While reports documenting the presence of women on journal boards exist for a few disciplines, no such work exists in political science. Using original data we collected, we address this void by assessing the presence of women serving as editors and on editorial boards of political science journals. We have found that, while women are not well represented among senior faculty in political science, women are relatively well represented given their presence in the discipline, in editorial positions among the top-ranked political science journals. In other words, the proportion of women as editors, associate editors, and editorial and advisory board members is reasonably close to the proportion of senior women in the field. Our analysis serves as a starting point for continuing discussions about the status of women in political science and for future studies examining changes in editorial board compositions.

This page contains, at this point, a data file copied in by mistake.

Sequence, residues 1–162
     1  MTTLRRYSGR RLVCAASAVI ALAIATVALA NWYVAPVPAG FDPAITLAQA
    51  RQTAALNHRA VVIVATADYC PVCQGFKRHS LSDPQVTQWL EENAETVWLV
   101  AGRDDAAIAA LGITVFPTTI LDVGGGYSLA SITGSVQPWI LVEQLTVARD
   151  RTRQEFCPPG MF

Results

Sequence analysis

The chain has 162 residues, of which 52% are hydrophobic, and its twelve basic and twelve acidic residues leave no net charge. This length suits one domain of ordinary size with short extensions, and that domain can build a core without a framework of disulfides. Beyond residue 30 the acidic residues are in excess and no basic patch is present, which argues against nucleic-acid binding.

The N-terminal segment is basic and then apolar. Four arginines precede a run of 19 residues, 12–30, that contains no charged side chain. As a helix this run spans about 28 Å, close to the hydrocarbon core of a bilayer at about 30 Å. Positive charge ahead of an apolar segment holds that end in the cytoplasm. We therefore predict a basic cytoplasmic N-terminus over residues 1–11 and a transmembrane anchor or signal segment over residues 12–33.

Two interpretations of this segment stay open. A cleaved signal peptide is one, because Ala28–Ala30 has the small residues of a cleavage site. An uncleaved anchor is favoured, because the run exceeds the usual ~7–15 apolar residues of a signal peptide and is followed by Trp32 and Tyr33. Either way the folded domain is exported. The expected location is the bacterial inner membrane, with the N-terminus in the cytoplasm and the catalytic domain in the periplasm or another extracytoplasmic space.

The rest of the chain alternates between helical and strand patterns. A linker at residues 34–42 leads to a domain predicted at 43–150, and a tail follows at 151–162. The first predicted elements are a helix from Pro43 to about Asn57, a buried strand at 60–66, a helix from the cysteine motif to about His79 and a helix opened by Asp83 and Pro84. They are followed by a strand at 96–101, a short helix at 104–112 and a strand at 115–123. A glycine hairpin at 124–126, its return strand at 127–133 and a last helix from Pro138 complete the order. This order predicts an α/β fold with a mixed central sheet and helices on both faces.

Using the “relative impact” ranking of political science journals developed by Garand et al. (2009, 699–701), we reviewed journal editorial information from the 50 top-ranked journals by accessing their websites in February and March 2010.1 Garand and his colleagues conducted an Internet survey in 2007 of political scientists in the United States, Canada, and the United Kingdom (N = 1,695) asking questions that tapped into their assessment of 92 journals in the field.2 While Garand and colleagues rank the relative impact of all 92 journals, in this article we focus on the top 50, as this group provides a wide range of subfields and academic perspectives. The appendix presents the list of the 50 journals included in our analysis, as well as the original data we collected for each journal. The gender of the editor was assumed from first names, and if this was unclear, additional research was done to find a pronoun or photo of the person. We compiled this information for the positions of editor, associate editor, and members of editorial and advisory boards.